However, nicotine-containing vaping products without THC cannot be ruled out as potential cause of harm
FRIDAY, Sept. 27, 2019 (HealthDay News) — Products containing the marijuana chemical tetrahydrocannabinol (THC) appear to be a main driver behind the hundreds of U.S. cases of serious respiratory illness related to vaping, health officials announced Friday.
Looking at new national data on 514 cases where patients provided information on vaping products used, “we found that 77 percent reported using THC-containing products, or using both THC-containing products and nicotine-containing products,” said Anne Schuchat, M.D., principal deputy director of the U.S. Centers for Disease Control and Prevention. She spoke during a media briefing on Friday. “THC-containing products were the most prominent link across patients, with only 16% reporting using only nicotine-containing products.”
THC-containing products seem to figure prominently in many cases, but no one product was responsible for all cases, noted Jennifer Layden, M.D., chief medical officer at the Illinois Department of Public Health and coauthor of a study focused on cases occurring in Illinois and Wisconsin. “A large and diverse number of products and brands were reported by patients,” Layden said during the Friday briefing. “Among all 86 patients in our study, 234 unique e-cigarette or vaping products across 87 different brands were reported.”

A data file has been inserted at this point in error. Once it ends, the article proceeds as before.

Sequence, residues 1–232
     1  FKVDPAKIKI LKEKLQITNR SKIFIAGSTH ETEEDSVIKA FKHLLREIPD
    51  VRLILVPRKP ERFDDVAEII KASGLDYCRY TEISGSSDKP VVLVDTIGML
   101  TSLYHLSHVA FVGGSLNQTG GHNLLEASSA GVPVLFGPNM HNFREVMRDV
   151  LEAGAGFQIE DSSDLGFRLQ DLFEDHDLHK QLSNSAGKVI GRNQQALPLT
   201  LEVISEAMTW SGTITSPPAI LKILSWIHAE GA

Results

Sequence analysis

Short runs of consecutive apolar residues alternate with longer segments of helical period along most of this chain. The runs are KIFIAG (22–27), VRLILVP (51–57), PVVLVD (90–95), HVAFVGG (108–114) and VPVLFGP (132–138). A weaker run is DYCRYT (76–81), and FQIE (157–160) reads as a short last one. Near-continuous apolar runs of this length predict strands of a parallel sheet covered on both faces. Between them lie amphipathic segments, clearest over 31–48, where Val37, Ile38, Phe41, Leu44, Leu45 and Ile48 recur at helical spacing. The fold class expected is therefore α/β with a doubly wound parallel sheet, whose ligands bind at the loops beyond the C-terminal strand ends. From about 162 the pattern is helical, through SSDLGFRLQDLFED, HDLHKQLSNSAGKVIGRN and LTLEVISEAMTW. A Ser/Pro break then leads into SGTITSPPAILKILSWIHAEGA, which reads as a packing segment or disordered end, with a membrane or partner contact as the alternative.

In most cases, THC-containing products typically came in pre-filled, packaged cartridges that patients had gotten from “informal” sources, such as family, friends, or illicit dealers. “While no one brand was reported by all patients, pre-filled THC cartridges labeled under the brand name Dank Vapes was the most common, with 66 percent of all patients reporting this name,” Layden noted. However, both Schuchat and Layden stressed that nicotine-containing vaping products without THC cannot be ruled out as a potential cause of harm. Because of that, the CDC recommendation for everyone to stop vaping stands.
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